Wednesday, August 29, 2007


While it seems a logical step in the process of mapping our “world” to use information from GIS to quantify and lay-out the multiple issues, processes, infrastructures, and physicalities available to us, I find Corner’s discussion on drift to be one of the more compelling techniques that he urges we assume in our mapping practices.

Is a reader of a map not handicapped if he lacks a basic appreciation of temporal and sensory knowledge of the site (which, I presume, GIS lacks in it’s multitude of data)?

The Situationists understood the importance of the individual’s experience as a valid form of data to be somehow quantified: his ability to lend his perception of a space, his sensory and physical ability to experience it, and his (presumed) goal of revealing the unexplored or “unacceptable” to the reader; and thus making a site familiar. (Quite the task!)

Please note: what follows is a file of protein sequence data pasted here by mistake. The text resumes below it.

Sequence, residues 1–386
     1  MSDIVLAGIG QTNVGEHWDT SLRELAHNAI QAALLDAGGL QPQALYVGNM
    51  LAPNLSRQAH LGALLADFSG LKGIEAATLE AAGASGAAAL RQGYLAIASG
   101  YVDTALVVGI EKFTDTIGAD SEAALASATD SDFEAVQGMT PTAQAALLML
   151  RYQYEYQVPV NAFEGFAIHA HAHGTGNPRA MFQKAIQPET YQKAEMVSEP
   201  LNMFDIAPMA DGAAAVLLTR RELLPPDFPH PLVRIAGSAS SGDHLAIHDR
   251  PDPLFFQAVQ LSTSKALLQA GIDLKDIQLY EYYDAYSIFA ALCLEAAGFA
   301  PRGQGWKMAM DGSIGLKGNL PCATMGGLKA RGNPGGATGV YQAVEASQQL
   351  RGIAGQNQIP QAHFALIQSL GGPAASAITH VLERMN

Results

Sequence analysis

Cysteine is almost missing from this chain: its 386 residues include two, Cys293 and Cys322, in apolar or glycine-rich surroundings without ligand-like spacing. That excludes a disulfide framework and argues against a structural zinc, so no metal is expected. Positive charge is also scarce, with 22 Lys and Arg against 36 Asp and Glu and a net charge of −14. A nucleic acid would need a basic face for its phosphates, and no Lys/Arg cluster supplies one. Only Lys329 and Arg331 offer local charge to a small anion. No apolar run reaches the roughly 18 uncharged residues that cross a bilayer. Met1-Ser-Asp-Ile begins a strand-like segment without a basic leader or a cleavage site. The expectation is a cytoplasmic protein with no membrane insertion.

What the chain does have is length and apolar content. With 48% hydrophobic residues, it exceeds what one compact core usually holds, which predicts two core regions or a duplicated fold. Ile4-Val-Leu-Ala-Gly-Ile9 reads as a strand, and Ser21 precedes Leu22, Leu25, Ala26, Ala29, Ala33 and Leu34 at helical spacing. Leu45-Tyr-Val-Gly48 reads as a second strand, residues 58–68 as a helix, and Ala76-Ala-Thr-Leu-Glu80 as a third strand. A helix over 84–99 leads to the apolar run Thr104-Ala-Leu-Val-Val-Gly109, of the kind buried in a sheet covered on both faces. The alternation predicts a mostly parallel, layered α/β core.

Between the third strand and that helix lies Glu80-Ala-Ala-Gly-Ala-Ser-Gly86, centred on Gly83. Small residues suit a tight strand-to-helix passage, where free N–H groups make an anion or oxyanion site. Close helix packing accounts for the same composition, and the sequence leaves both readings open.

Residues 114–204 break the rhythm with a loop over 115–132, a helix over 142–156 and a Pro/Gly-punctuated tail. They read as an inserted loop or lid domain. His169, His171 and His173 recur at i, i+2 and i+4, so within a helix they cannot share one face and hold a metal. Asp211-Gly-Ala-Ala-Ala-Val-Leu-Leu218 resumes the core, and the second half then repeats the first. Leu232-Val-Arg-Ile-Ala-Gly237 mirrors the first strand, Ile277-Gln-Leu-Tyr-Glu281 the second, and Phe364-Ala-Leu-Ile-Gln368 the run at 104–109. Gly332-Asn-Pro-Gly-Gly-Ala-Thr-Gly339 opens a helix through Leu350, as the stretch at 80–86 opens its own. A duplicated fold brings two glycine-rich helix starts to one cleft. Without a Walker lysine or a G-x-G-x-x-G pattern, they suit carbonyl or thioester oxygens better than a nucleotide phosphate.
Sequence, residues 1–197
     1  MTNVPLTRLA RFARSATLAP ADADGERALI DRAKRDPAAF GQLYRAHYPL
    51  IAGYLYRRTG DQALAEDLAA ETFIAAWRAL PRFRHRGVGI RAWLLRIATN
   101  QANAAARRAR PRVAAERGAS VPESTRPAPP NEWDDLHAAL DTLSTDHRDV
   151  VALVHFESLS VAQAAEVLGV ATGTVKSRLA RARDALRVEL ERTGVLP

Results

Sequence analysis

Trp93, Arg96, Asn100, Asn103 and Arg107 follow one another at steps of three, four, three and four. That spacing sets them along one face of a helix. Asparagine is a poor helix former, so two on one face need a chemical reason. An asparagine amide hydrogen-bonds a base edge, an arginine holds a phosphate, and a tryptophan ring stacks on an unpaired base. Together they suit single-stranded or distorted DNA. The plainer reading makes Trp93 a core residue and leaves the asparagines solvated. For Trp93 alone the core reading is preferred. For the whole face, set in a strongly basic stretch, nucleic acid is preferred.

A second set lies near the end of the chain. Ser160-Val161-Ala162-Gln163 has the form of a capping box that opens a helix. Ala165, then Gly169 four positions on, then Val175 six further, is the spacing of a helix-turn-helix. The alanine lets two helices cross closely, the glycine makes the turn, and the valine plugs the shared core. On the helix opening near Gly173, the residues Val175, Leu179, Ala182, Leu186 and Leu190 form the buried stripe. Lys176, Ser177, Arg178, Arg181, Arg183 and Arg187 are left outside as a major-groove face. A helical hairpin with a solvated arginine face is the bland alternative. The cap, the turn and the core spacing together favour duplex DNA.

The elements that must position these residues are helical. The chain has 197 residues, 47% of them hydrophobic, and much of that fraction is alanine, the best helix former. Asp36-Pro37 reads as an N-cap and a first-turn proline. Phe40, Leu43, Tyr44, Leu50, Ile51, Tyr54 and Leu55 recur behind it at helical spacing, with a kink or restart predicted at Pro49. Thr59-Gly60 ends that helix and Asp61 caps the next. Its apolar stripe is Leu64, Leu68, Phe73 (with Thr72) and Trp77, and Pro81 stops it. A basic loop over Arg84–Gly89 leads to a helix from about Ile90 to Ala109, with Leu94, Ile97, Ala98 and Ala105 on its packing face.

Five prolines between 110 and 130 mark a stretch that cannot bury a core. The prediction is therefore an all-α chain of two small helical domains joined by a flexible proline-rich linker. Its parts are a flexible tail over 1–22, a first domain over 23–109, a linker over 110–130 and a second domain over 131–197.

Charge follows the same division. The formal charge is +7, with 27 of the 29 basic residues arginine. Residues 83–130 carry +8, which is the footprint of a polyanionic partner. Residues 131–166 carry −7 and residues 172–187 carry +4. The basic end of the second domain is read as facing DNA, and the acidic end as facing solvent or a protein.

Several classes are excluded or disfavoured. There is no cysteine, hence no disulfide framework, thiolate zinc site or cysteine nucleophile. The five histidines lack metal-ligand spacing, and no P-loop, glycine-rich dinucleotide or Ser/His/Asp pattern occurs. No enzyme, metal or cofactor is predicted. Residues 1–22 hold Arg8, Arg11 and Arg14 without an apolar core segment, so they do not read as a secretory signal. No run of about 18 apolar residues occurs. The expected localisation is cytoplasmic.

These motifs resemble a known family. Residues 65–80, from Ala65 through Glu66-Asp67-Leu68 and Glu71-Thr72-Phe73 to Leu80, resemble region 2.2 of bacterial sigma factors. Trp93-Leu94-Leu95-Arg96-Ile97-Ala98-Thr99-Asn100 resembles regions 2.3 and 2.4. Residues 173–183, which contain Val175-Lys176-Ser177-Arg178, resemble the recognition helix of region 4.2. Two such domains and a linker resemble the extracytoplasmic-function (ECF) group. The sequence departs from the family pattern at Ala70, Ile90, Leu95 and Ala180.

It seems that deriving will become one of the penultimate tasks in being able to understand and ultimately inform our site(s); yet quantifying this information from our experiences into digital 2-D format may be the most challenging task.

If our aim is to have mapping practices play a more intensive and creative role in design and planning, are we limiting ourselves by staying in an abstract 2-D representation (utilizing GIS, maps, modeling, Illustrator)? If the Situationists could have utilized today’s technology, would they not only have you view 2-D representations of a site based on their explorations, but also allow you to listen to the audio of a person transversing the area, while simultaneously watching a video of a pedestrian experience of the site? Or is this no longer mapping?

No comments: